Weathered Or Art?
Photos by: Cristina Danielle O'Connor
To you, it might just be a wall. To Jeremiah Brzoska, it’s a canvas. Through his company Artistic Finishes of North Florida, he’s making the world a more beautiful place, one project at a time.
It’s in the rustic patina of oxidization spreading spiderwebs of cracks across a panel of painted oak. It’s in the subtle weathering of brick, scoured down by time, grain by grain. Distressed, antiqued, aged, whatever you want to call it, it’s one trend in home and commercial design that has proven its staying power. You’ll see it everywhere from luxury homes to high-end restaurants, that subtle look that conveys a lifetime of memories within these walls.
And when you see it done right, odds are good Jeremiah Brzoska’s Artistic Finishes of North Florida was behind it.
“Time is the enemy of all artistry,” says Brzoska. “We like to do things the hard way.”
The hard way involves a little extra time and a lot of extra elbow grease, but the results speak for themselves. Bricks lining a fireplace or serving as outdoor accents are limewashed until there’s no way to know they hadn’t been there for centuries. The gentle curves of oaken grain just peak through distressed paint on accent walls or exposed ceiling beams to evoke homey comfort and permanence. It’s the hard way, yes. And it’s built on stubborn adhesion to perfection and informed by a unique sense of artistry.
That approach has not only made Artistic Finishes of North Florida a household name among builders, it’s also gaining renown in the art world. When Jacksonville’s famed Cummer Museum wanted to add flair to its courtyard walls, they called Brzoska.
“They’re an art museum, so they didn’t want to just use stucco. They wanted something that would accentuate the beauty of the courtyard and do something artful,” he says. What he created on the walls of the Cummer Museum sees five shades mottled together in perfect harmony to create an impressive sense of aging and history. It’s a work of art just as inspired as anything found within. “They trusted my vision and said, ‘This is your chance to make your mark on an art museum.’”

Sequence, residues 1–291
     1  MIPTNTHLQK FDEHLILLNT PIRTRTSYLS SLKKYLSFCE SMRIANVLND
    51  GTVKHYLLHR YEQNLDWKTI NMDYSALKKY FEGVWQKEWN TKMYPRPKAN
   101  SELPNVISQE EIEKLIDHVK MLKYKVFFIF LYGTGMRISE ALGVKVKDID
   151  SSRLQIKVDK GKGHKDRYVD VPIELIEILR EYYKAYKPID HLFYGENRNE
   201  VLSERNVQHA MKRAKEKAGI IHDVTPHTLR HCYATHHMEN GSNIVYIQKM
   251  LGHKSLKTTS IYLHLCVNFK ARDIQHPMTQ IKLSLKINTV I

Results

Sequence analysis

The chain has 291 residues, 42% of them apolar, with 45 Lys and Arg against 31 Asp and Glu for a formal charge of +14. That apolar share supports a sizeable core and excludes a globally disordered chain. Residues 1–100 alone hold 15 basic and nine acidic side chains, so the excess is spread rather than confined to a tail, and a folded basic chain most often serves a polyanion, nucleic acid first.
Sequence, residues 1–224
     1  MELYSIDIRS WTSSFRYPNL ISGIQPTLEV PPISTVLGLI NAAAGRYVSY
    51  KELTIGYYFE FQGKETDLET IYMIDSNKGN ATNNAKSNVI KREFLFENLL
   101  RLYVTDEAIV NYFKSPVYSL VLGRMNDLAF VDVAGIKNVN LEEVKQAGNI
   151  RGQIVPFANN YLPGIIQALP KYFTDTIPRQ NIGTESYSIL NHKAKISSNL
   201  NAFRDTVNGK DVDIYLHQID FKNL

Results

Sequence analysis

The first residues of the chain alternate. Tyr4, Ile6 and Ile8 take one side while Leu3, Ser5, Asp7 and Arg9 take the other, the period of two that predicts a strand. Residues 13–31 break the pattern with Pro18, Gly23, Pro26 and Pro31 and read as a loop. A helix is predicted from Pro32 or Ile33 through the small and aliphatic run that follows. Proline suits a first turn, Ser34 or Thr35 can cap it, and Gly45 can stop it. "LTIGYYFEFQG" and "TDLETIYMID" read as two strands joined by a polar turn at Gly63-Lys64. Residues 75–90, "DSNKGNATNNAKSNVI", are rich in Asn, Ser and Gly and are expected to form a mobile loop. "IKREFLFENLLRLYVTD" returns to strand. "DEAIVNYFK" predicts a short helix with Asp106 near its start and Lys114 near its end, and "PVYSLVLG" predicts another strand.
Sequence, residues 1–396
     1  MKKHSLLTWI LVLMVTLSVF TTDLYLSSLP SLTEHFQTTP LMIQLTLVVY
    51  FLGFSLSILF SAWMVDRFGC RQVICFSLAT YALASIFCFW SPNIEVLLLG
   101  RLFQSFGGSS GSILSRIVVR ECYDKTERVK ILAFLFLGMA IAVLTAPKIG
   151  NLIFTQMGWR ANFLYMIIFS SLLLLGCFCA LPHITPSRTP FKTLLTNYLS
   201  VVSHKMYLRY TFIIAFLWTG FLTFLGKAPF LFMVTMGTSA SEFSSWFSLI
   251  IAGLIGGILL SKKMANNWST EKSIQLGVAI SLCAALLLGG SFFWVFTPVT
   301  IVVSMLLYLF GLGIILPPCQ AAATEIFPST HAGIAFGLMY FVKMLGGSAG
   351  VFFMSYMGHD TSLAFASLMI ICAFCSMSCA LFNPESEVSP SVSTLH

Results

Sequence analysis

Approaching each project with the eye of an artist comes naturally to Brzoska as the son of artists who made their marks in the art and fashion worlds.
“They weren’t just hobby artists. My dad did sculpting and my mom did fashion. She’s doing canvas work up and down the east coast,” says Brzoska.
Despite the pedigree, art was not Brzoska’s first calling. A professional skateboarder at 13, he eventually made his way to the culinary world as a chef before he found the art world calling him. At first that calling led him to peddling paintings on the sidewalks of Jacksonville or at smaller art shows. It wasn’t until he made contact with local architects in need of his talents that he began moving into finishing.
“Five years ago, I immersed myself in it and started teaching myself through watching videos and working with a company that did decorative finishes,” he says. I decided that I was going to put a few different feelers out there in the art world and see what would come to me.
“That’s the best kind of living you can make as an artist. We can get $100,000 jobs, and we have. I couldn’t see myself selling a 100k painting,” he says. “Plus, I wanted to be able to build a team and empower them. My team gets paid well and it’s a career for them.”
Brzoska prides himself on being that rarest of employer who puts people first, scouting out talent from the art community and teaching them the trade of finishing, or even awakening the artistic talents within those outside the art world.